James G. Rytting
- Criminal Appellate Matters
JAMES G. RYTTING concentrates on criminal appellate matters, representing clients on appeal in state and federal courts. His federal appellate practice includes representation in habeas corpus proceedings.
James Gregory Rytting handles the Firm's appeals. Mr. Rytting specialized in the area of U.S. Constitutional challenges known as federal habeas corpus claims, which not only requires mastery of direct appellate issues, but also investigation outside of the record for new evidence and new claims that can result in reversal and acquittal.
In federal habeas proceedings, Mr. Rytting successfully litigated numerous high profile death penalty cases: Mr. Rytting obtained relief in Miller v. Dretke and Moody v. Quarterman, from the federal district court. In Fratta v. Quarterman, Mr. Rytting won his client a new trial. In Swearingen v. Thaler, a case that recently was the subject of an hour long documentary by television news journalist, Paula Zahn, (Discovery Investigates) Mr. Rytting fought off two execution dates by discovering new evidence that his client was actually innocent, and secured a the rarely granted right to contest his client's case in a second (or successive) federal petition for habeas corpus. In Aldridge v. Thaler, Mr. Rytting secured a new trial for a client who had been incarcerated for 20 years on death row. Finally, in Prible v. Thaler, Mr. Rytting prevailed in federal district court to take the unusual step of halting federal proceedings to allow his client to file a second State application for relief. Mr. Rytting also handles complex white collar criminal appeals.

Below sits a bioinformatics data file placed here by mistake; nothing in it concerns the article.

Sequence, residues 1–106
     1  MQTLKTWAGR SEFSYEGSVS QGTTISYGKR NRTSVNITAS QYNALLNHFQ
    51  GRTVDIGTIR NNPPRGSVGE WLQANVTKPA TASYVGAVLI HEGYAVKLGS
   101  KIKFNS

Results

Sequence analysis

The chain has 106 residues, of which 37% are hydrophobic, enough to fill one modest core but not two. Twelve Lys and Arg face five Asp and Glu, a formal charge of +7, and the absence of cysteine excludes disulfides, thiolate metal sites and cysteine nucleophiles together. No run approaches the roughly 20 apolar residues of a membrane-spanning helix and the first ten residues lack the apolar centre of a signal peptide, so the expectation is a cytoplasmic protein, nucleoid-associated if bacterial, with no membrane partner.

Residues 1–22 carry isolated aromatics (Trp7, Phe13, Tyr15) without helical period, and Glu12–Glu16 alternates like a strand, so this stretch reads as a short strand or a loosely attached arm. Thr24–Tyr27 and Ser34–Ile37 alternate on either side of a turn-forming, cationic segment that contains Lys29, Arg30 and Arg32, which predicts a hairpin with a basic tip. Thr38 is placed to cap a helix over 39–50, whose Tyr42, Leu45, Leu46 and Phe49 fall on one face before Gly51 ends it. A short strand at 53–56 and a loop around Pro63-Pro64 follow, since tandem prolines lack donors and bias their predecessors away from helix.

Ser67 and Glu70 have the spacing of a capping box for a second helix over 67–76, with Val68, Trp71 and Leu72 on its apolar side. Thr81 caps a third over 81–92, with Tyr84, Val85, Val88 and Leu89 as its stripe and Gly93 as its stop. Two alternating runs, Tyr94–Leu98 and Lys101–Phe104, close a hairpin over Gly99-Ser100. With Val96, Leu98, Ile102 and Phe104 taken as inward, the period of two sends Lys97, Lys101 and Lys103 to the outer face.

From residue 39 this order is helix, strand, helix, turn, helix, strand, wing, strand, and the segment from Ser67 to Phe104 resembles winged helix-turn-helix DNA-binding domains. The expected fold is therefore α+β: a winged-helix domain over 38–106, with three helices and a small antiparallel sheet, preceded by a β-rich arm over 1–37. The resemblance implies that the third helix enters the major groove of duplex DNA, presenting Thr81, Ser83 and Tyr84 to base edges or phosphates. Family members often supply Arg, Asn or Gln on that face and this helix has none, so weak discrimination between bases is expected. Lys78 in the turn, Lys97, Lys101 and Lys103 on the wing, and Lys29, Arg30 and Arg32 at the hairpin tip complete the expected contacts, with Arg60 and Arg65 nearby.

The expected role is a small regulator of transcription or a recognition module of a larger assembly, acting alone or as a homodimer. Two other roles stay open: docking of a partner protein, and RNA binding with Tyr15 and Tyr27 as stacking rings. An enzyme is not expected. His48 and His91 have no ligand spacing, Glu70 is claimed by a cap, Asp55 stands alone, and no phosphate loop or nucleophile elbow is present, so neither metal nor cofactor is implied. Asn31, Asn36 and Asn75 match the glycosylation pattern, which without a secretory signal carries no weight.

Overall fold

Recently, Mr. Rytting has won appeals for Texas death row inmates Larry Swearingen, Robert Alan Fratta, and Anibal Rousseau, all high-profile cases that have garnered national media attention.
Mr. Rytting graduated from the University of Houston Law Center in 1997 and became licensed to practice law in the State of Texas that same year. He is also admitted to practice before the U.S. District Court for the Southern District of Texas.
He earned a Bachelor of Arts degree from Cornell University in 1983 and earned his Masters of Arts degree from Indiana University in 1986. Prior to law school, Mr. Rytting taught courses in ethics, history of philosophy and logic at the university level.
Mr. Rytting has also co-authored several publications including Can Constitutional Error Be Harmless for the University of Utah Law Review alongside Professor D. Dug and The Possible Expansion of Anti-Retaliation Protection to Corporate Whistleblowers for the ABA Publication on Securities Fraud. He is admitted to practice before the United States Court for the Southern District of Texas, the Fifth Circuit Court of Appeals and the Supreme Court of Texas. Mr. Rytting is an associate with the Firm.